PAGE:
Interesting article, the scarry part is that this CatGPT can and most likely is being used to report serious stuff. But as you end your article: β€˜Do be careful what you feed your brain in this troubled time, and give others the benefit of the doubt. Caveat lector.’ Kind regards, Vladimir (no not from there)

    • pascaljappy says:

      Thank you Vladimir. And to you too.

      Yes, that is the scary part. Peer reviewing is in decline, so we might soon see scientific articles written by unsupervised AI … And political articles. It has never been easier to lie to us all.


  • Pascal Ravach says:

    Indeed a always welcomed warning… and the level of propaganda in the West is now unsurpassed, unfortunately, and totally ignored by the majority, including by very sensitive and intelligent people… AI is just the last iteration πŸ™

    As for your pick of photographers, Saul Leiter drives me crazy since ages… when I discovered him, my immediate feeling was “wow, *that* is the kind of photography I would like to create… I simply love the energy, and it never aged for me; reality check, I never ever even approached it… stayed out of me, proving that indeed we can’t force ourselves to see with someone else’s eyes and personal life πŸ˜€

    • pascaljappy says:

      Sadly, propaganda isn’t confined to the West, Pascal. It is rampant everywhere. Opinion dominates truth and rumour trumps scientific fact in most countries these days.

      We can never recreate the work of another photographer. We haven’t lived their lives, known their influences. But they can become ours, and I share your love of Saul Leiter’s work πŸ™‚ Cheers

  • jean pierre guaron says:

    “I did not write this article. ChatGPT did.” Thanks for the disclaimer – I didn’t, either. I thought at once that it must be a guy called Pascal, from Montpellier/Province, because the topic is way more intelligent than I am – and of course I already knew it couldn’t have been me, for the same reason!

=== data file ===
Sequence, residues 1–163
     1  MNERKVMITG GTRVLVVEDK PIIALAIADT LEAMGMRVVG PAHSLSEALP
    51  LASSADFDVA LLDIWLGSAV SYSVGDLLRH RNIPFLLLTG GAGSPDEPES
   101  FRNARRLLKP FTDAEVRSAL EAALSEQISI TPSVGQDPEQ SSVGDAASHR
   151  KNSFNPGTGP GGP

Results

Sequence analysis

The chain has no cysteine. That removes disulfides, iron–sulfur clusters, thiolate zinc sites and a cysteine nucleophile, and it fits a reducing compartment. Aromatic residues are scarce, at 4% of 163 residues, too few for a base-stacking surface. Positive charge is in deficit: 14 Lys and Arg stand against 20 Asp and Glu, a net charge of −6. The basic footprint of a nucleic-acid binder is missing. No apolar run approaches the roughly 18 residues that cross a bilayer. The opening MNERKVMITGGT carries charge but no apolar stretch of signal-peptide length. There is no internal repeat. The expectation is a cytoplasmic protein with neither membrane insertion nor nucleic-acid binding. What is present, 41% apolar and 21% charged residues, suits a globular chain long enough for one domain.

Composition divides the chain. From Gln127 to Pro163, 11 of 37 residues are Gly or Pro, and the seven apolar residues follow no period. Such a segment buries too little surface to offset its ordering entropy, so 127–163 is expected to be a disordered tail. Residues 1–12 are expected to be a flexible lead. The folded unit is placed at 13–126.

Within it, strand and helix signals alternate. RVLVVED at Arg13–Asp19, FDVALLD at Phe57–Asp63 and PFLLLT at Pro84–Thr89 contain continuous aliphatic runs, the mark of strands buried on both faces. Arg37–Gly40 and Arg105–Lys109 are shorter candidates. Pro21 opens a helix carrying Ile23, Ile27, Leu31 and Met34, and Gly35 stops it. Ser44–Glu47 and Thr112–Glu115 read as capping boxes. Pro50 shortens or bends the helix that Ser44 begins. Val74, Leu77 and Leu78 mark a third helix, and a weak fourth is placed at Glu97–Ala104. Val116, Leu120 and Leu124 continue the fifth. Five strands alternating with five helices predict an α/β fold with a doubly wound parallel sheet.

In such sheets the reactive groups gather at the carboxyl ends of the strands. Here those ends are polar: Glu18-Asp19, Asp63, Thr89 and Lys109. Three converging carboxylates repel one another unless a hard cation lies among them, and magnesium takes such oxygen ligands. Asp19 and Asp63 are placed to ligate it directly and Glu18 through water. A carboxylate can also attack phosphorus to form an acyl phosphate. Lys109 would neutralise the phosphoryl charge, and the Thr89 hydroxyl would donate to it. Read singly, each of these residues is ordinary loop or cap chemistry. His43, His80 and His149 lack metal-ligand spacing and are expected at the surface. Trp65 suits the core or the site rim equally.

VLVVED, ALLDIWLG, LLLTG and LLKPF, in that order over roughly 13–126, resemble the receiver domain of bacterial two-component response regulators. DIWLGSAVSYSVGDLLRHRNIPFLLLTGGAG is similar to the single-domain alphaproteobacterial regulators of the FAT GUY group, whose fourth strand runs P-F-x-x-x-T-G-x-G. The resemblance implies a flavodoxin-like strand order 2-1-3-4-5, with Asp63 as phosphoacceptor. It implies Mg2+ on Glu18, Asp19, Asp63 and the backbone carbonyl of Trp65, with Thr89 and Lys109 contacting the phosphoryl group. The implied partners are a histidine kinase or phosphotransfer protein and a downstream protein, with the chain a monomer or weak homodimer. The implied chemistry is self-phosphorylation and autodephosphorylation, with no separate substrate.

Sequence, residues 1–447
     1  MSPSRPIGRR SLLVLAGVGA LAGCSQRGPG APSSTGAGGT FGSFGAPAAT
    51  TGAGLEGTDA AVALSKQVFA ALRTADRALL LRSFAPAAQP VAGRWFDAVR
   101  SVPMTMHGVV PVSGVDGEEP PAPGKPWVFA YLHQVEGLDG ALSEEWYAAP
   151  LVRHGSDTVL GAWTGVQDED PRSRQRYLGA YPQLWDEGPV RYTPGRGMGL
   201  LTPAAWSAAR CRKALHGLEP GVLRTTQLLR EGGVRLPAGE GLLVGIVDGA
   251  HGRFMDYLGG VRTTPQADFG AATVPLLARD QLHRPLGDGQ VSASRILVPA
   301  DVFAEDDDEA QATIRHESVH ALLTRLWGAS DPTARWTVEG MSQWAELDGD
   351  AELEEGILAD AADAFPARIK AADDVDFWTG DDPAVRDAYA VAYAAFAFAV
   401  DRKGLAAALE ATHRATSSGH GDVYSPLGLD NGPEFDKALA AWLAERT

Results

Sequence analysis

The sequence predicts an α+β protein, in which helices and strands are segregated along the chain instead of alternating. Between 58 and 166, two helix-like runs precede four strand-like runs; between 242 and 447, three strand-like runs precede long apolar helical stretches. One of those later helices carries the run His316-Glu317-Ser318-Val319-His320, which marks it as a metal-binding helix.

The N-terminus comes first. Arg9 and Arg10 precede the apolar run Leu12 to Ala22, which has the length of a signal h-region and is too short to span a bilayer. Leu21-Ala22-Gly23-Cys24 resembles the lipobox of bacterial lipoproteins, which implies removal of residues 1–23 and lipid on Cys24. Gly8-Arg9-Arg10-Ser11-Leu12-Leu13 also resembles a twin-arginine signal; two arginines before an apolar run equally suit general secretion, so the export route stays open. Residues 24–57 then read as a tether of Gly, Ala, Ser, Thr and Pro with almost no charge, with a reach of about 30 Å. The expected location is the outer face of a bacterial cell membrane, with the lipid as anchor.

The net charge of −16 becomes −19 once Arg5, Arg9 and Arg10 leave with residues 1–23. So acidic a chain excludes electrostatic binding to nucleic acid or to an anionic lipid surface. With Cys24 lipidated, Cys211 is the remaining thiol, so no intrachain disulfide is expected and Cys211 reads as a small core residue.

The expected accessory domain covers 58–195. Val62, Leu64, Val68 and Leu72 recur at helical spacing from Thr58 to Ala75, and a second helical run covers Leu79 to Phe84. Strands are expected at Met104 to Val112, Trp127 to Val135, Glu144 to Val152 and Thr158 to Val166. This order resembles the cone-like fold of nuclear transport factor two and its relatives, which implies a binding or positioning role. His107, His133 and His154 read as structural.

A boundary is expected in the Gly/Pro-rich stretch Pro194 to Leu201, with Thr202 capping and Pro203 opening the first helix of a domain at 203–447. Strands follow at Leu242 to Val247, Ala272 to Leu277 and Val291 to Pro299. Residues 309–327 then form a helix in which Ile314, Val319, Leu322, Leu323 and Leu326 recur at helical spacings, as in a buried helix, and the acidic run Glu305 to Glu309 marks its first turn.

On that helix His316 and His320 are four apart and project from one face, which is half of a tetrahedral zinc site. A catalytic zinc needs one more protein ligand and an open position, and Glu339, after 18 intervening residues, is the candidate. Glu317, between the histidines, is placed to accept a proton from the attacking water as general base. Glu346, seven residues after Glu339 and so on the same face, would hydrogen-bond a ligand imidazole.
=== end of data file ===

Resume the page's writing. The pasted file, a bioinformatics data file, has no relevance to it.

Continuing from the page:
Good heavens! It WAS written (or composed anyway) by this guy from the deep south!

    Never mind the twaddle. This kind of article is what “makes” DS. If you like, I can refer you to a page promoted by a guy who goes round in circles, pushing “basic” – “Photography 001”, not even 101. Or another couple of them, one that thinks satire is more important than knowledge, and another who thinks sarcasm is all you need, to engage your audience.

    DS on the other hand is far more advanced than that, and much more pleasant. As for apologising for two issues in a single day, I look forward to them all – make it three, and I’ll be even happier!

    The warning is timely. It’s barely an hour since I replied to an anxious person on Quora, as to why cyber bullying is such a delightful way for bullies to pass the day. And quite recently I noticed a disturbing account of attempts by unscrupulous parties to invade WiKi, and exploit its self-editing scheme, to derail an article on WiKi.

    Sigh – it’s no longer just politicians’ lies that we need to guard against!

    I must confess – by the time I reached the final paragraph I was beginning to wonder whether I ought to stop here, and go look at some photos from Leiter, Eggleston, and Meyerowitz. The photos here seemed to be all the work of one person, and little or nothing to do with the text. Then the final paragraph itself – adding nothing, just recycling what had already been said. I guess that’s a “clue”, when AI is the author. Discrimination is a human characteristic – a two-edge sword maybe, but it gives us the ability to choose. Artificial brains are even less advanced, at this dateline.